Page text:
When the world requires you to shift your plans, it’s time to get creative. We’ve put together some creative small wedding ideas – as receptions are now prohibited in the State of Washington (as of August 10, 2020).
Prohibitions have never been met with a lot of enthusiasm, and understandably so. In light of the COVID-19 pandemic, however, sometimes they’re something we just have to learn to live with for awhile. This has made this past week devastating for many of our couples – to most of our clients the actual ceremony is important, but not the thing they’re most excited about – time and again, our couples tell us they’re looking forward to celebrating with the ones they love most. We absolutely understand how hard this is.
While I’ve linked the guidelines above, I just want to spell them out here so it’s understood what we are working with – please note that these are the rules regardless of location (private residences, churches and venues are considered the same by the state for wedding purposes) :
- Outdoor and Indoor weddings up to 30 guests (including vendors)
- No receptions
So now what? What if you really, REALLY want to get married now?
And next, the good stuff.
There are lots of ways you can make your small wedding (aka. a micro wedding) special, and even an unforgettably great experience. Thankfully, you’re still allowed to do pretty much everything that our elopement couples have always done, so we’ve got a lot of experience in these situations.
What does a small wedding include right now?
Your micro wedding can include getting ready, first look, your ceremony, family and couple portraits.
What ways can we get creative with our ceremony?
Consider what you want to do as a unity ceremony. While this might be something that you would decide against for a large wedding, it may be somewhere that you want to incorporate a special tradition now. Whether you really, really want to cut your cake in front of your guests or you want to dance together as a symbol of unity, you can talk to your officiant about adding those into your ceremony before you’re pronounced as married.
You can also ask someone to help you bring your ceremony virtually to those who cannot be at your ceremony anymore – check out our post about this!
What about ceremony seating?
Space out your seating in fun ways but also make sure seats are clearly marked for specific families.
How do family/wedding party portraits work right now?
Well, this part is going to feel a lot different than a traditional elopement. While we can still do family (and friend) portraits, please keep in mind that all families have to be socially distanced to their own household in the photos. That means that we will be using posing that has groups set 6 feet apart. We can use perspective to give the appearance of closer groups, but ONLY if the area where we do portraits is spacious enough to do so. Group photos will also be extremely limited to ensure that there is as little co-mingling as possible. We are recommending these portraits be done before ceremony when at all possible.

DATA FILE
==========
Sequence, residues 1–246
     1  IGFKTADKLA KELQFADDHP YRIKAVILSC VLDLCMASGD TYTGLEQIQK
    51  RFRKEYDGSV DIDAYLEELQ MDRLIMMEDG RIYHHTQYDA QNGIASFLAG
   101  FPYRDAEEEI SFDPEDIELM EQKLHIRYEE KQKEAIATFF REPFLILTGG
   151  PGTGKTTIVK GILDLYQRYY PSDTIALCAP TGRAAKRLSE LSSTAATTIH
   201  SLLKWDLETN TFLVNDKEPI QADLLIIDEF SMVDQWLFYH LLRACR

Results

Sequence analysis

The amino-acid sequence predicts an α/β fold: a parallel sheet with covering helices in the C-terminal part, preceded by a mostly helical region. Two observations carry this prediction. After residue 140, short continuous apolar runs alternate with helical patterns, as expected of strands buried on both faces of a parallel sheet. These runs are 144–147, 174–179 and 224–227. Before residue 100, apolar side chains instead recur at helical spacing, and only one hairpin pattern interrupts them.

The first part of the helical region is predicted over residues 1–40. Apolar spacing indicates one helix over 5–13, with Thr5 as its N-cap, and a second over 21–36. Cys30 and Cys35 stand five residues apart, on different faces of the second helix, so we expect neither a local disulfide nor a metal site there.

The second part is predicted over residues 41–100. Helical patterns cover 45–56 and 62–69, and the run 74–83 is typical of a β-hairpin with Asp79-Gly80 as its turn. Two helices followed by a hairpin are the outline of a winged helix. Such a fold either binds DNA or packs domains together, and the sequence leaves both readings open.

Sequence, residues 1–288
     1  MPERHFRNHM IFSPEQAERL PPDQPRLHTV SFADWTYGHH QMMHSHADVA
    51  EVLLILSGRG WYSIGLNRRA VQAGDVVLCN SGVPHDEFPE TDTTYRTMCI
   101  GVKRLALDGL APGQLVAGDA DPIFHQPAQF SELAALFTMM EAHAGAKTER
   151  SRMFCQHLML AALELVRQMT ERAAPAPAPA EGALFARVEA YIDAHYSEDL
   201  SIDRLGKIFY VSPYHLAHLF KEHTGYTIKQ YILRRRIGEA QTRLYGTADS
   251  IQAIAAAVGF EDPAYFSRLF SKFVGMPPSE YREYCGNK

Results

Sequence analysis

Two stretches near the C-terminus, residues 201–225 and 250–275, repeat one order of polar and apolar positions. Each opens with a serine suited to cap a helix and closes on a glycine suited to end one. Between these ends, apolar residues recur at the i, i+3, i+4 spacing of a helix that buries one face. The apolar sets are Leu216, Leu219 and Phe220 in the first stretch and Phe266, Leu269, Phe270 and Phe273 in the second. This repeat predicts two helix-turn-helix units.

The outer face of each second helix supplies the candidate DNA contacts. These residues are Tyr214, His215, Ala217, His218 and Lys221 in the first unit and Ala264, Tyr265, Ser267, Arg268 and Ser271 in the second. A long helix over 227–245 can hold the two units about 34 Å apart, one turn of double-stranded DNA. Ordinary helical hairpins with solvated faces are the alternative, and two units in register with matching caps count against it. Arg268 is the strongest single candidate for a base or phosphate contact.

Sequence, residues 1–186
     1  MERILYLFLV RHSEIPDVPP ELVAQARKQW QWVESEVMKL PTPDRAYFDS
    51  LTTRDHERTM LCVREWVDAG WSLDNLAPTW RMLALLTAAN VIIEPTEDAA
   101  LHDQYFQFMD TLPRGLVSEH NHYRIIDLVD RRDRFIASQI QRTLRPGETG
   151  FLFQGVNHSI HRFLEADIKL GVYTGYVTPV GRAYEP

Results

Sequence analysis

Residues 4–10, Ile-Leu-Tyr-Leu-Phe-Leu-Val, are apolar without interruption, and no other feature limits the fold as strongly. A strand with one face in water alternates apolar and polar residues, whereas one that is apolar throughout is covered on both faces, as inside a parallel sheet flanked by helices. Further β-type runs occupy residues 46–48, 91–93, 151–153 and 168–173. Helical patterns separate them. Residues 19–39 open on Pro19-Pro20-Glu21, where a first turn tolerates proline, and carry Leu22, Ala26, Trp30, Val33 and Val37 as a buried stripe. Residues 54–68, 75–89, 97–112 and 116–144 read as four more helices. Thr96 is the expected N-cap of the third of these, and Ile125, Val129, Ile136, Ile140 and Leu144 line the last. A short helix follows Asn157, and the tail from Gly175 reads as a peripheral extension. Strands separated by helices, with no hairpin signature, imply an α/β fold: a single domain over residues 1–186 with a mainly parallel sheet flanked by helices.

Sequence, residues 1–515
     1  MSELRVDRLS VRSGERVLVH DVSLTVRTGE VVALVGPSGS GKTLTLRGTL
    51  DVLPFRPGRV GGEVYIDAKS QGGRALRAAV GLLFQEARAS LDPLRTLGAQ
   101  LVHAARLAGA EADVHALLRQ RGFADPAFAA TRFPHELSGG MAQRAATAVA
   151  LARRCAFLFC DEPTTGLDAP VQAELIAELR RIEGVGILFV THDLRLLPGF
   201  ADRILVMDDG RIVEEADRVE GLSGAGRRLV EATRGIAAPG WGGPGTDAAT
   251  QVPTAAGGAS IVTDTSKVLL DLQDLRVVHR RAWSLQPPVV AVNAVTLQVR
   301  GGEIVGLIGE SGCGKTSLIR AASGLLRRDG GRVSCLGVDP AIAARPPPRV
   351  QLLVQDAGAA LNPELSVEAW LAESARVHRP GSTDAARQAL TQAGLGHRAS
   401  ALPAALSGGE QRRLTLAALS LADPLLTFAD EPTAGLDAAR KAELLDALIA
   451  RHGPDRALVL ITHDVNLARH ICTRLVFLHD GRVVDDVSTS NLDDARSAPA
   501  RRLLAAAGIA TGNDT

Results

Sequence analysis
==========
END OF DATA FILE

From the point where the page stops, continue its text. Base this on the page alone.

Couple portraits have a little more flexibility – and we will cover that soon.
What about an exit?
Since social distancing is required, it may be best to do your “exit” at the end of your ceremony. This can look like paper airplanes, bubble machines (nothing blown by mouth), nerf guns, or even streamer wands. We would recommend saving things like sparklers for your couple portraits instead.
And what about favors?
We have heard some super creative ideas for favors – individually wrapped desserts (cupcakes, mini pies, pie-on-a-stick and cake pops are all favorites and easy to order packaged), plated dinners from your caterer or “mix at home” mocktails and cocktails from you bartending service are the most popular. While things can’t be set out in a collective area, a great way to dispense these would be on each guest’s seat (just remember that whatever you come up with needs to be individually packaged and not able to be touched by others).
How long do these new small weddings last?
We have found these micro weddings last anywhere from 2 to 4 hours, depending on if getting ready photos are desired. If a couple photo adventure (details below) is chosen, they can last up to 12 hours (including drive time).
Should I still have decor and flowers and all that?
Absolutely! You can even transport some of your favorite things up to your couples portrait adventure to make it look even more magical if you want.
Finally, let’s talk about the couple portraits part of your micro wedding.
Right now, we are encouraging couples to take a same-day wedding adventure with us following their ceremony. This allows you to get a little more “normal” with your elopement experience. During your photo adventure we can go somewhere epic and not only create couple portraits in a beautiful space, but you can also share your first dance, cut your cake, make toasts to each other, have a picnic, and even enjoy the sunset together and have sunset portraits taken. We also recommend setting up a small sweetheart table with your flowers and some rental decor to really make it feel special. We can help you choose a spot that will be secluded and perfect.
We allot up to 4 hours of photography time for this part of your small wedding, and up to 3 additional hours for drive time to your chosen location.
Of course, we can always do your couple photos as part of your normal wedding day timeline on site wherever you choose to have your ceremony, and this would allow it to fit into our Micro Mini package timeline perfectly.